Wayland and the other clerical economists approached the discipline from a moral perspective much as the Scholars of Salamanca had three centuries before. They saw the science of political economy as laws that mankind must follow in the same way they obeyed the laws of the natural sciences. Those laws reflected human nature as created by God, which was originally good but had a tendency toward evil because of the rebellion in the Garden. Following God’s laws meant prosperity for people and disobeying them caused poverty and suffering. Those laws called for individual responsibility, private property, free markets and minimal government intervention in the economy. Wayland thought of himself as a theologian first and then a political economist and presented laissez-faire as Christian economics. He wrote,

By science, as the word is here used, we mean a systematic arrangement of the laws which God has established, so far as they have been discovered, of any department of human knowledge. It is obvious, upon the slightest reflection, that the Creator has subjected the accumulation of the blessings of this life to some determinate laws. Every one, for instance, knows that no man can grow rich, without industry and frugality. Political Economy, therefore, is a systematic arrangement of the laws by which, under our present constitution [human nature], the relations of man, whether individual or social, to the objects of his desire, are governed.

Wayland taught that we are required “so to construct the arrangements of society, as to give free scope to the laws of Divine Providence.” We must “give to these rewards and penalties their free and their intended operation.” For example, he listed the ways in which God’s laws increase the standards of living of nations:
Men will be richer, and therefore may be happier, as the following conditions are complied with:
1. As the laws of nature, designed by our Creator for our benefit, are understood;

2. As the means are devised for availing ourselves, in the most successful manner, of the utility of these laws;

3. As the human labor necessary to be expended, is so arranged as, with a given expenditure, to produce the greatest and most perfect result; and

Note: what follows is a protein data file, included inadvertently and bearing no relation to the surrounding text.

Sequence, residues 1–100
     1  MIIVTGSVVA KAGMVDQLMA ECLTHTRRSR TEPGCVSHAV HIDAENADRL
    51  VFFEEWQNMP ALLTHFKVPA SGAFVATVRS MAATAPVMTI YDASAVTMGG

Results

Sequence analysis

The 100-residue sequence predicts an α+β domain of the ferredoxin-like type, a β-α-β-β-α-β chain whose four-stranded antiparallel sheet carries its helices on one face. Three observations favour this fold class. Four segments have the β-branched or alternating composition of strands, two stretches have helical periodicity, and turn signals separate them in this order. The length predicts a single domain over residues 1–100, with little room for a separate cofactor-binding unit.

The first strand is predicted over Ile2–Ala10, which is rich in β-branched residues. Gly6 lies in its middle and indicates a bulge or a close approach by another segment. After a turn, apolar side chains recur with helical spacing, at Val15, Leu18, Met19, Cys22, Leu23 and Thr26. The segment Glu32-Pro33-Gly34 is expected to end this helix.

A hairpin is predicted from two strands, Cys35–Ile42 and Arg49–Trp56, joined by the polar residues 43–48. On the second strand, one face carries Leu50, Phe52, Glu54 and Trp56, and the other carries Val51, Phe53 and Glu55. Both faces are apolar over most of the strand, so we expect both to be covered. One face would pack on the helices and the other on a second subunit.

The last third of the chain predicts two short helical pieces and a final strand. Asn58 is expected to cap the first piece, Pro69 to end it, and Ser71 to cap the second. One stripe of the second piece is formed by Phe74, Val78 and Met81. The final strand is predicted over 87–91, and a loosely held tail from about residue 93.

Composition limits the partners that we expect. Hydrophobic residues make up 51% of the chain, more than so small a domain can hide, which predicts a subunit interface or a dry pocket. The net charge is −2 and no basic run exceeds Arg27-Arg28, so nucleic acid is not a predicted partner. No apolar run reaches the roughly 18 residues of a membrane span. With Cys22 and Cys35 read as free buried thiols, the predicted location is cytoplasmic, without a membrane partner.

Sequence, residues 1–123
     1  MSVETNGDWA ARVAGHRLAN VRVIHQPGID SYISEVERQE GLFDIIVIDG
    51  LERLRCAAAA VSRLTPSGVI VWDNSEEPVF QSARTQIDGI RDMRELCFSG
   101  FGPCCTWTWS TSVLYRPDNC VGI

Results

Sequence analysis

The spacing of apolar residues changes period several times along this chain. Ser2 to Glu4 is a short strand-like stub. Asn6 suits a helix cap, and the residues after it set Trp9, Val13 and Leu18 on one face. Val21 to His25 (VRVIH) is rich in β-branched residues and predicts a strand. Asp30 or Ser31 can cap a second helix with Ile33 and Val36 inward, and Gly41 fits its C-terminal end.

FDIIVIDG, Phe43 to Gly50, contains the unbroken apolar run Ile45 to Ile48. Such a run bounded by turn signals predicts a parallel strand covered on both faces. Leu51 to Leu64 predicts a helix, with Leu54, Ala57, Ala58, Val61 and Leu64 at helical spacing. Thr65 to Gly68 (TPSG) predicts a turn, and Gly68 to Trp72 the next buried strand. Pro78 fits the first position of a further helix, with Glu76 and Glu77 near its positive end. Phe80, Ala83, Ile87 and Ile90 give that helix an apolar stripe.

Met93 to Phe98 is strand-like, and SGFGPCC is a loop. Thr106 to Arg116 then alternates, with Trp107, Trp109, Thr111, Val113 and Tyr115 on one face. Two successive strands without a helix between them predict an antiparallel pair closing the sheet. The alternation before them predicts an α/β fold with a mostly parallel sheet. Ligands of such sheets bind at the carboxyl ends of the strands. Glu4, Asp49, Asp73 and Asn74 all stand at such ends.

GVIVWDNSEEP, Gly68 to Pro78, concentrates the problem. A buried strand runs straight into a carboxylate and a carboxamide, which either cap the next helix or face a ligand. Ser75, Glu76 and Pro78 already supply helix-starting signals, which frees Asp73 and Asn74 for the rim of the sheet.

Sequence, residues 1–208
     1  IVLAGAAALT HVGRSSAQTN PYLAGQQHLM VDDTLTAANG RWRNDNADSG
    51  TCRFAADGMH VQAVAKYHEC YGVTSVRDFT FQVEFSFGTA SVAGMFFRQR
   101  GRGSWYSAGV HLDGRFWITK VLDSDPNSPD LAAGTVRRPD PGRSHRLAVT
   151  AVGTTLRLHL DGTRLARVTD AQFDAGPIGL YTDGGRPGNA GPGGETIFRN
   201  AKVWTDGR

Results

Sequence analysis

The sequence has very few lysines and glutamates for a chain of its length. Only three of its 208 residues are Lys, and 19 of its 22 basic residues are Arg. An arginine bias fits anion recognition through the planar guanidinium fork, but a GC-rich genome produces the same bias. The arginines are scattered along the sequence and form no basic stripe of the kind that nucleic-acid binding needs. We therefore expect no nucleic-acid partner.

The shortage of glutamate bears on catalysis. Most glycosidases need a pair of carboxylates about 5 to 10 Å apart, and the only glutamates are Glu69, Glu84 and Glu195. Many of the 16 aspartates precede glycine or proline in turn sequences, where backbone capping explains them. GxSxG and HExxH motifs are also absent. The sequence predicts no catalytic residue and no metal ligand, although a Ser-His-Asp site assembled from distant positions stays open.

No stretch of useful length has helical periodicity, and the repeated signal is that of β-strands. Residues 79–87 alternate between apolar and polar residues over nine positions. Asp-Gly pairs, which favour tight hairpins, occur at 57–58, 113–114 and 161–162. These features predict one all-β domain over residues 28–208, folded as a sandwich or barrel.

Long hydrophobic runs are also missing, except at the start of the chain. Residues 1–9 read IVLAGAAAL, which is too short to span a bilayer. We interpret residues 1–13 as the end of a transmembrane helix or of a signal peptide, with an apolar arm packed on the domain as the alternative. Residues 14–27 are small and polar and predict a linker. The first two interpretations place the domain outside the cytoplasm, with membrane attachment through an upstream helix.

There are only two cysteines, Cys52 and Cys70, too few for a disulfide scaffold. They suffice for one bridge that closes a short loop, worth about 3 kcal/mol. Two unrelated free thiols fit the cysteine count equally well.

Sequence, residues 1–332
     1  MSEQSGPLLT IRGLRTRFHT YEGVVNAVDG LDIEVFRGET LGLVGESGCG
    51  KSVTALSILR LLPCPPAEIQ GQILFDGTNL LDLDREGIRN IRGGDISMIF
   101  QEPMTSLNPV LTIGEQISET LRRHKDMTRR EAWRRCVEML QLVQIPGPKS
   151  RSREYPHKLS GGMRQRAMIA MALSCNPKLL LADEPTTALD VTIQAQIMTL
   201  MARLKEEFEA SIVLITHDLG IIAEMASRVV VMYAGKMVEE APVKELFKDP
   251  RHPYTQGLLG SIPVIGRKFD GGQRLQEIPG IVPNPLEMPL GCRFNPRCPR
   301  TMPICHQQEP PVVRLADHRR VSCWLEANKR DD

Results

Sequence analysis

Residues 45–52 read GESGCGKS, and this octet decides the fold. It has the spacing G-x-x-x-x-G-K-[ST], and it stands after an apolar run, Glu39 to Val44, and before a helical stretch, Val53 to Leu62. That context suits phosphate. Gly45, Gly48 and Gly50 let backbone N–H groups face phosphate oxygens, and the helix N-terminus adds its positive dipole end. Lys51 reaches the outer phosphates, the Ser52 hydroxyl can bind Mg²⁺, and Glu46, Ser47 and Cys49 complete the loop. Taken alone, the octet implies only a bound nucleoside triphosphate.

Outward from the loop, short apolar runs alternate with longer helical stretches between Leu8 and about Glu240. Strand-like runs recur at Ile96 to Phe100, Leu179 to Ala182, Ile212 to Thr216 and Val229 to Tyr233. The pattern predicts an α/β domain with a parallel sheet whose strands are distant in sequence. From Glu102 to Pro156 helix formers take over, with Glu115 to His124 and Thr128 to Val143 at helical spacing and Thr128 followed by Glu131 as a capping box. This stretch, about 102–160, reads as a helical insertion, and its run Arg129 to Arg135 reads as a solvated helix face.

4. As the inhabitants of the earth, in different localities, devote themselves most exclusively to the production of those objects of desire, for the production of which they have received, either directly or indirectly, from their Creator, the greatest facilities. [This is Ricardo’s principle of comparative advatange]

Or, still more generally, production will be abundant, that is, man will enjoy the means of physical happiness, in proportion to his individual industry, both of body and mind; and to the degree of harmony and good feeling which exists between the individuals of the same society; and also between the different societies themselves.
Wayland saw all exchanges in the market as exchanges of services whether physical products were involved or not, as Frederick Bastiat would express it in France. Many of God’s blessings are free, such as the sun, air and water. Wild fruit and animals such as deer are free for the taking. Those items achieved value in exchange, or in other words someone could charge a price for them, only because the seller labored to supply them to others. For example, no one would pay for water that they could get from a nearby stream with little effort. But if someone lived miles from fresh water and did not have the means to travel to it, they would have to pay another for the service of collecting and transporting the water for them. The trading of bread for lumber was at its heart an exchange of the labor of baking the bread for the labor of cutting down a true and sawing it into lumber. “But it is plain, that if a man expend labor in the creation of a value, this labor gives him a right to the exclusive possession of that value; that is, supposing the original elements belonged to no one else,” Wayland wrote.